Truthfully, I never liked the pick to begin with. I doubt there are many out there who did.
Rewinding back to the 2009 NFL Draft, from the moment that ESPN showed then Penn State DE/LB Aaron Maybin on the telephone moments before Buffalo made the selection at No.11, I became extremely disappointed. Maybin was viewed as a project, a player who wouldn’t make an impact and reach his potential for a two or three seasons down the road. He would’ve been a good selection for teams like Baltimore and Pittsburgh, two well established defensive units. With names like Ray Lewis, Terrell Suggs, LaMarr Woodley and James Harrison, you can afford to draft a player like Maybin. You can be patient with him, allow him to learn the ins and outs as a linebacker or rush end. With the Bills floundering in another losing season and another year left out of the playoffs, you need players who can contribute right away, get on the field and play every Sunday.
But, the Bills took Maybin and it became a disaster. He held out that summer for nearly 30 days. He finished his rookie season in 2009 with only nine tackles. Maybin’s career in Buffalo lasted just 27 games. The Bills released Maybin during the preseason, who was later picked up by the New York Jets. The Jets signed him, cut him, but then re-signed him Sept. 27. Maybin’s most memorable play while with the Bills? Being whistled for an off-sides penalty during an onsides kick the Bills recovered in the second game at home against New England late in the season. Buffalo trailed 17-10, executed the onsides kick, recovered it only to have it wiped away because Maybin was offsides. The Patriots won 17-10.
Going back to draft day afternoon in 2009, I thought the Bills should’ve made over their linebacking unit. A pair of USC linebackers, Brian Cushing and Clay Matthews, would’ve been a good place to begin. I had no problem with the Bills going the way of a defensive end/rush linebacker. Personally, I like Brian Orakpo. I would’ve been happy to settle for Malcom Jenkins. With one of the worst offensive lines in football, I wanted Michael Oher.
But, as they say, it is what it is. And what it was, was extremely forgettable. Maybin never produced, never lived up to hype. It became crystal clear, with the Bills marred in an 0-8 start to the 2010 season and with Maybin nowhere to be found and unable to get on the field for a losing team, he wasn’t destined to be in Buffalo very long. Maybe he didn’t fit Chan Gailey’s scheme. Maybe he didn’t work hard enough during the offseason, OTAs, workouts or the preseason to warrant more than seven snaps a game during his two seasons with the Bills.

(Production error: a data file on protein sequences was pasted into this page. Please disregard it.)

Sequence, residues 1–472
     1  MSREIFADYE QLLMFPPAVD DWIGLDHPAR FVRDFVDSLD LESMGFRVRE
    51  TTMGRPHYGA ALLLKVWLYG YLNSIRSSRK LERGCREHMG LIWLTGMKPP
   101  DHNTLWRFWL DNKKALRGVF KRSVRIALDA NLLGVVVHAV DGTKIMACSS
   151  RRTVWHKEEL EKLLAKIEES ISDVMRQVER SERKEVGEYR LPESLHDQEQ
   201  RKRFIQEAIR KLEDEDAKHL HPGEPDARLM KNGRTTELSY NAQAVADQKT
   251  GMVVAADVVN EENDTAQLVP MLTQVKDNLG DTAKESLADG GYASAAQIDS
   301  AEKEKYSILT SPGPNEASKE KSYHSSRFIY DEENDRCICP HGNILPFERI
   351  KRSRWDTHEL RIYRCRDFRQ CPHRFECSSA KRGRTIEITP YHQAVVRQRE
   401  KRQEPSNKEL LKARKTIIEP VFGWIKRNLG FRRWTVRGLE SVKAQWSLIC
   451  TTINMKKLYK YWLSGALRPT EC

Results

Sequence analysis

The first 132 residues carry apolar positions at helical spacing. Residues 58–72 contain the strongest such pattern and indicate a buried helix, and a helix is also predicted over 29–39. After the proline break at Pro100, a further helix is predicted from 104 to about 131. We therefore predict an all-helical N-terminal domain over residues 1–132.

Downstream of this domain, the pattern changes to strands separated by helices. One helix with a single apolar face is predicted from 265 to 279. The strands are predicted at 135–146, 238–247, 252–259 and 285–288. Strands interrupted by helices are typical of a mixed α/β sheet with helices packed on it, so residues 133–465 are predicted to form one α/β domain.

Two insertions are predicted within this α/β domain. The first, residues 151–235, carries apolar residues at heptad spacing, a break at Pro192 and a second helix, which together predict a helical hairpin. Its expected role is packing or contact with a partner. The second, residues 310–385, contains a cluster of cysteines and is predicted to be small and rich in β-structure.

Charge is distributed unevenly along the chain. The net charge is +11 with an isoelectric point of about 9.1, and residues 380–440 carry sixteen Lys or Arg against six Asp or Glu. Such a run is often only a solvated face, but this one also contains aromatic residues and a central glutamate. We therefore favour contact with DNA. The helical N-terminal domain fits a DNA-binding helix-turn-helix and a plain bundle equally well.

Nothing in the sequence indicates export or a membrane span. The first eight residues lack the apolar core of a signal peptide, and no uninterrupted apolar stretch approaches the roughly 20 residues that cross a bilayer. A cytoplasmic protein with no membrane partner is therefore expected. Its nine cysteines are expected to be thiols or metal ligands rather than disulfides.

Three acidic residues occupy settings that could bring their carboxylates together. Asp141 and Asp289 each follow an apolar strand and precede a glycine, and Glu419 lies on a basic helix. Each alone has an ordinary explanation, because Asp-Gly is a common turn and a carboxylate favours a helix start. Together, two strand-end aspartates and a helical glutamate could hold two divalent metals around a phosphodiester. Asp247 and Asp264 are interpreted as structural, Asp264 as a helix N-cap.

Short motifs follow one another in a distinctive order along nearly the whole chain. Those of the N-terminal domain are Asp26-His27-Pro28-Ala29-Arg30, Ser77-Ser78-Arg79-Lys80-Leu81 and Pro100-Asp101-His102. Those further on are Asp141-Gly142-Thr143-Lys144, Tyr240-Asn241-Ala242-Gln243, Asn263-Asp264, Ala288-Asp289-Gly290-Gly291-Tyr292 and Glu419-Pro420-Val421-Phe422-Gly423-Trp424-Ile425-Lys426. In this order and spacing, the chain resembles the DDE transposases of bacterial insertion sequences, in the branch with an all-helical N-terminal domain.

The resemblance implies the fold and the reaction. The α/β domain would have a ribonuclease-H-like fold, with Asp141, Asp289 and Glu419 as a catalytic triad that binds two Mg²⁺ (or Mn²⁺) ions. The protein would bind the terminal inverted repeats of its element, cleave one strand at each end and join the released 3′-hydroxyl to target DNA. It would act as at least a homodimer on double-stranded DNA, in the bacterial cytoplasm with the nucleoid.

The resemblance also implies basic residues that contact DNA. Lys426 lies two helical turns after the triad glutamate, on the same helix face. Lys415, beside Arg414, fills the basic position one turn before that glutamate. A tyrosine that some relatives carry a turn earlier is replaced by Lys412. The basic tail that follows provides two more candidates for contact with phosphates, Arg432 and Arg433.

Now it appears that Maybin has found a bit of home with the Jets. He leads the Jets with three sacks, which happen to be three more than he had with the Bills which further rubs everyone associated with the Bills the wrong way. Perhaps it would be different if he were to catch on with a team outside of Buffalo’s division and produce. But to do it for one of Buffalo’s biggest rivals makes that taste in their mouth much worse.
You can bet that the emotions will be running high in a little while. Maybin comes back to where he’s been labeled a bust and is arguably one of the Bills’ biggest draft busts in franchise history. He’ll be extra amped up to prove to his former employer what they lost and what he’s truly capable of. On the flip side, you can believe that Buffalo’s offensive line will be extra juiced to keep Maybin away from Ryan Fitzpatrick. Buffalo has allowed only nine sacks, third fewest allowed in the NFL.